The only problem with swimming in the download pool is that it completely rewires your gaming habits. Sampling upwards of ten games every week is like stepping back into that mythical past when you'd come home with a bagful of cheap games (or, more likely, a C90 cassette rammed with the latest pirated gems).
Back then, games had to impress you immediately. There was no time to wait for a slow-burn intro. No time to mess around learning complicated control schemes. You were already impatient enough as it was, what with hideous loading times. Designers cut to the chase, and knew they had to grab you in those first few minutes, or you'd move onto something else fairly swiftly.
Sometime after the PlayStation launched, that all seemed to change - seemingly forever. We all got increasingly sucked into playing sprawling epics, and demanded lavish production values. Happily, the growth of the download scene has proven beyond any doubt that there's room for both approaches to flourish side by side.
As for me, though, my tolerance for average big-budget games is at an all-time low. There was a time when I'd happily lap up most half-decent boxed games - but no more. Give me a handful of brilliant, inventive, instantly playable download titles any day.
- PSN (PS3) / $9.99 (Coming soon to Europe.)
- iPhone / £0.59
Some of you want nothing more than to stack things up and just keep on stacking. You should come over for dinner sometime. The more destructive types, though, I hate you with every fibre of my being. You just can't wait to ruin a tense game of Jenga, can you? Honestly.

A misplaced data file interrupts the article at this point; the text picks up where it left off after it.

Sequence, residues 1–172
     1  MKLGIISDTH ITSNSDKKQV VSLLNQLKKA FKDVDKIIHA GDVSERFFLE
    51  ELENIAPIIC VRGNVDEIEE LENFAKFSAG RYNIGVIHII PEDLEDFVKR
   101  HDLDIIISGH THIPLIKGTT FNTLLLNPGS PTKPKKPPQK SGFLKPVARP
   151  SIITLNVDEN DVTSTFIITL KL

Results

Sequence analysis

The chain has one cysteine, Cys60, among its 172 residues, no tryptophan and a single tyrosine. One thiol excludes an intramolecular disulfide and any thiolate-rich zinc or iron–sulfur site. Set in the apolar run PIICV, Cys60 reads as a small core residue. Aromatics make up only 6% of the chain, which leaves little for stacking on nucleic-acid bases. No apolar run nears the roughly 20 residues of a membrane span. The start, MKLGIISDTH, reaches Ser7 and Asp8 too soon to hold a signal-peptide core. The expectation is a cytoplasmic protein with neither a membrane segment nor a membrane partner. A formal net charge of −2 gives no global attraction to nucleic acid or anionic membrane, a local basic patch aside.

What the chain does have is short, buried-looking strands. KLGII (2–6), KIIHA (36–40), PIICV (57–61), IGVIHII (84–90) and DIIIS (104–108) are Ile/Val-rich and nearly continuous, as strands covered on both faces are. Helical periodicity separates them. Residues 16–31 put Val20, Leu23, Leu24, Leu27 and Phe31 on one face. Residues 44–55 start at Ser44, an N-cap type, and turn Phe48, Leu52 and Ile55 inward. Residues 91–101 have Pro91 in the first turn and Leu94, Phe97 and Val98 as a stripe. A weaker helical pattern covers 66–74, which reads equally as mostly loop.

Cast as the cuddly mediator in the great stacking war, Super Stacker likes to wave peace signs to both camps, allowing you to either play the constructor who piles shapes gently on top of one another, or the dude who enjoys knocking stuff down.
Adapted from Sparkworkz' popular Flash game, this vastly beefed-up and revamped PSN version shares a lot in common with recent WiiWare title Art Of Balance - albeit with a little more variety for your sheckles.
In Stacker mode, you're given a number of shapes and must pile them all up as quickly as you can and make sure they don't fall over. Simple. Elsewhere, Present Stacker mode puts a small twist on the theme, tasking you with piling the shapes up to a specified goal. Unstacker, meanwhile, has you blasting away dynamite blocks to coax a single block down to a designated area.
As you progress through the skill ranks of each mode, you'll endure increasingly complex tasks, forcing you into desperate improvisation that gets ever more frantic the further you go.
Played out against madcap backdrops and jolly tunes, Super Stacker is an instantly likeable puzzle title, and its forthcoming arrival on the European PSN Store will be well worth the wait.